Portugal ETP Flows Strong Despite Banking Woes

July 14, 2014

Flows into exchange traded products tracking the Portguese stock index (PSI) remained strong despite the Portuguese regulator suspending trading of Banco Espirito Santo last Thursday after its share price crashed 17 percent.

The mounting banking crisis in Portugal, which has seen one of the country’s biggest banks stall, has sent angst through the financial markets with stocks falling across European exchanges.

It saw trading in several Italian banks stop as the FTSE MIB index fell nearly 3 percent last Thursday.

However, despite global stocks falling, investors have continued to put money into ETPs. According to data from Markit, ETP investors have so far stayed the course with their Portuguese holdings despite the PSI 20 index falling by 12 percent in the last four weeks.

There are two ETPs benchmarked to the PSI 20 index which have seen their AUM jump by 50 percent since the start of the year with just over $50 million of inflows. So far in July, these ETPs have hit $2.9million of inflows.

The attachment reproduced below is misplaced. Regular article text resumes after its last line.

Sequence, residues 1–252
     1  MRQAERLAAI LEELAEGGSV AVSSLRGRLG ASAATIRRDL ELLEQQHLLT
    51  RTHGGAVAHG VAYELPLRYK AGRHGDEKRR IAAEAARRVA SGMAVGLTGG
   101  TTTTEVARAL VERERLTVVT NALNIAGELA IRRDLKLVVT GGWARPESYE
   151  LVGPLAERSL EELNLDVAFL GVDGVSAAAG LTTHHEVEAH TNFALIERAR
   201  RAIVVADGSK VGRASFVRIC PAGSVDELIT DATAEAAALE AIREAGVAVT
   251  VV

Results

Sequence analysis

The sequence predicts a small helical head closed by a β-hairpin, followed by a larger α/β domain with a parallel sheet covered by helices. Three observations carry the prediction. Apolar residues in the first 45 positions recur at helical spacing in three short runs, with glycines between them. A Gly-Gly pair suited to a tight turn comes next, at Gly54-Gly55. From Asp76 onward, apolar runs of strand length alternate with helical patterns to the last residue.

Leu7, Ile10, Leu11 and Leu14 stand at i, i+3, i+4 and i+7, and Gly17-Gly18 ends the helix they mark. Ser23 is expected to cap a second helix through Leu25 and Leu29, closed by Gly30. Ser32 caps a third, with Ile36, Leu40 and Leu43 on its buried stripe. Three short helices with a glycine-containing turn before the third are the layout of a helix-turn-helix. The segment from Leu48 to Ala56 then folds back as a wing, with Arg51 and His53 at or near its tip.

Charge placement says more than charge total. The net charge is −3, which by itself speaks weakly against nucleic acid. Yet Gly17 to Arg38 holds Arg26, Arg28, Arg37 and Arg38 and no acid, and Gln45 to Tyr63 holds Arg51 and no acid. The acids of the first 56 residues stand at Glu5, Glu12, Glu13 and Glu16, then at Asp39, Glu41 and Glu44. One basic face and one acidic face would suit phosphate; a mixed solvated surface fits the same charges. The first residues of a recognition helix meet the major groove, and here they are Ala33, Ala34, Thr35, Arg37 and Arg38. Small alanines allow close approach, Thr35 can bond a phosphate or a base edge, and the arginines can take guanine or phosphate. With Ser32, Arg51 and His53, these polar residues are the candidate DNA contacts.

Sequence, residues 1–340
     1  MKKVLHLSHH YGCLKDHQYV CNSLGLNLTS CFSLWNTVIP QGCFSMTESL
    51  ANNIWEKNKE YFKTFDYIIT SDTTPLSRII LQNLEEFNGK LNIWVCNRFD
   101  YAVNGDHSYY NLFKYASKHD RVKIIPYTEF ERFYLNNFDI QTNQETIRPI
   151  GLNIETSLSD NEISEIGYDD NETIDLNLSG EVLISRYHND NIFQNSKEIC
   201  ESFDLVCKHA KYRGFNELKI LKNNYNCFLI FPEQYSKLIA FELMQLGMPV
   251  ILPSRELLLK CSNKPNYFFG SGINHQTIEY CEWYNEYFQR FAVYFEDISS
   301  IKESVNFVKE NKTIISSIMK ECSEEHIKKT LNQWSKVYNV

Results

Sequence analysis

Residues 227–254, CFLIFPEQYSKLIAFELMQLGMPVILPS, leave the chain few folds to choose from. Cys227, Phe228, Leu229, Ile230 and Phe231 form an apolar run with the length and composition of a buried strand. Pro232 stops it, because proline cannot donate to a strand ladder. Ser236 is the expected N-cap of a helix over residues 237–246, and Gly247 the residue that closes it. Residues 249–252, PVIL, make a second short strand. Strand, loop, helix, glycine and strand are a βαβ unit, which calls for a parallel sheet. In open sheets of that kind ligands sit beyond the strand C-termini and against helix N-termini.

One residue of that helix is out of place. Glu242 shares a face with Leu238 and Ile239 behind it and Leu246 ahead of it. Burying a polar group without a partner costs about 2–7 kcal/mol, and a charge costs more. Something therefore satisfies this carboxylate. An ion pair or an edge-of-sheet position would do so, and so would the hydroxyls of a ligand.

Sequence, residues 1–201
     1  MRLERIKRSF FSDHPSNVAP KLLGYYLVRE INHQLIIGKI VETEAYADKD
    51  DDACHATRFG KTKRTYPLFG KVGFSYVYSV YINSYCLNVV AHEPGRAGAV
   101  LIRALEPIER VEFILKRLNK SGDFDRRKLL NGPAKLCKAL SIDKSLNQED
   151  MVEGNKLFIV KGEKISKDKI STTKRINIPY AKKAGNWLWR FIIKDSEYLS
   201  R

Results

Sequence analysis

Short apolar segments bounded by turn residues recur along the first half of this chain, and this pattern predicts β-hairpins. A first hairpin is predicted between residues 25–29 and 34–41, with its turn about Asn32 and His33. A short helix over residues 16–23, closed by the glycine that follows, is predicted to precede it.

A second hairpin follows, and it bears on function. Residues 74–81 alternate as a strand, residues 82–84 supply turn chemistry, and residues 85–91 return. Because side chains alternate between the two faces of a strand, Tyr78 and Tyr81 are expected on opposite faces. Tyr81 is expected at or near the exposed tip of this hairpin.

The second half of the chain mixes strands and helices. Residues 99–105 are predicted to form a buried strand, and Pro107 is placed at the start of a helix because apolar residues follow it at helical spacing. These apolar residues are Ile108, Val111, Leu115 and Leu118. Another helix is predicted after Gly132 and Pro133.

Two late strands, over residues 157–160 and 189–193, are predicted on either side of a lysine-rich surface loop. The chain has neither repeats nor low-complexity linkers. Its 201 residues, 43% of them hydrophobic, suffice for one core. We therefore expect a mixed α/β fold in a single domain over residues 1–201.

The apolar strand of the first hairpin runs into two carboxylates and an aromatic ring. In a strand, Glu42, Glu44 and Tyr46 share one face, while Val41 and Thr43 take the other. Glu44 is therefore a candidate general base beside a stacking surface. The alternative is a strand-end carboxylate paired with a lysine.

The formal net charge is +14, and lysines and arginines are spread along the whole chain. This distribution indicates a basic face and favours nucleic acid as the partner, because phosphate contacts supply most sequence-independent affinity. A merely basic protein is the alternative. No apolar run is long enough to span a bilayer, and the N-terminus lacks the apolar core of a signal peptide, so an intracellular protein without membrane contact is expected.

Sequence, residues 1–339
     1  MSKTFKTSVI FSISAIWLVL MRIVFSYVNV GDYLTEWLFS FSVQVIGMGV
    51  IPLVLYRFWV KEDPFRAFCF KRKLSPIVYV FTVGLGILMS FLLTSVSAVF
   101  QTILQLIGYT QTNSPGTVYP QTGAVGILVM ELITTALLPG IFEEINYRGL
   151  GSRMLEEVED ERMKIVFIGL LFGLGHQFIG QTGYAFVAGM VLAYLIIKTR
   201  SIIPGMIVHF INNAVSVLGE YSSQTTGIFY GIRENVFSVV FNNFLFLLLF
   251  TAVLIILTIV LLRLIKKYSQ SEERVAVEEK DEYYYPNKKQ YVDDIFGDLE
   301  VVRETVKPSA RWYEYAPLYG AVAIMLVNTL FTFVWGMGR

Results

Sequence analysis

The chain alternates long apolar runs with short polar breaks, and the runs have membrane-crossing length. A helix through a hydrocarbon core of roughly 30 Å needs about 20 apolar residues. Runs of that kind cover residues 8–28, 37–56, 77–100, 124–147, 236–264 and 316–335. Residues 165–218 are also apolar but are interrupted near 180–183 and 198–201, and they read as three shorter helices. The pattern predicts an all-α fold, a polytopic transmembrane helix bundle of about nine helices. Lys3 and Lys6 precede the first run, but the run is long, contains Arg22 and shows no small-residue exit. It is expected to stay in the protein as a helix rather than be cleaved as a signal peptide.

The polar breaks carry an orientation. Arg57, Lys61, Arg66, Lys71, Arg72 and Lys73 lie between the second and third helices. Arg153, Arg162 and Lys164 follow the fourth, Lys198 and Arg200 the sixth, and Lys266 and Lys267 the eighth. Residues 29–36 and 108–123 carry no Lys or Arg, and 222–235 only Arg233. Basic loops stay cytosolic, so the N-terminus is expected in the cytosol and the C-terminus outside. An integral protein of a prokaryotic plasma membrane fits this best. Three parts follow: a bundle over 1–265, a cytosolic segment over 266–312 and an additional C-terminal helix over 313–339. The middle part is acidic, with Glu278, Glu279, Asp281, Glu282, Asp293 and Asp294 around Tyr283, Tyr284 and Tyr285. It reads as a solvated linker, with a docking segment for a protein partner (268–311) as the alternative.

- The Comstage ETF PSI 20 UCITS ETF tracking NYSE Euronext PSI 20, Total Gross Return.

- The Comstage ETF PSI 20 Leverage UCITS ETF tracking NYSE Euronext PSI 20, Leverage, Price Return

- Other products that have also done well on the back of the Portuguese crisis are highly rated government bonds - Italian and Spanish 10-year yields rose by 7 basis points last week – and gold.

Gold ETPs have seen outflows of $243 million, according to data from ETF Securities. This is as a result of investors taking profits from the rise in price following the Portuguese news breaking.  The gold price hit $1,337.00 on Friday amid banking fears in the European market.

Nicholas Brooks, head of research at ETF Securities, said in a note: “Banco Espirito Santo has lost over half of its value over the past month on fears that the financial difficulties at the Espirito Santo Group will engulf the bank and prompt a banking crisis in Europe.

“With the potential for a European banking crisis back on many investors' radar, financial risk hedges are likely to remain in demand in our view.”

The outbreak of crisis at Banco Espirito Santo, Portugal’s biggest bank, reminded investors that Europe is still far from fully recovered from the 2008-10 financial crisis.


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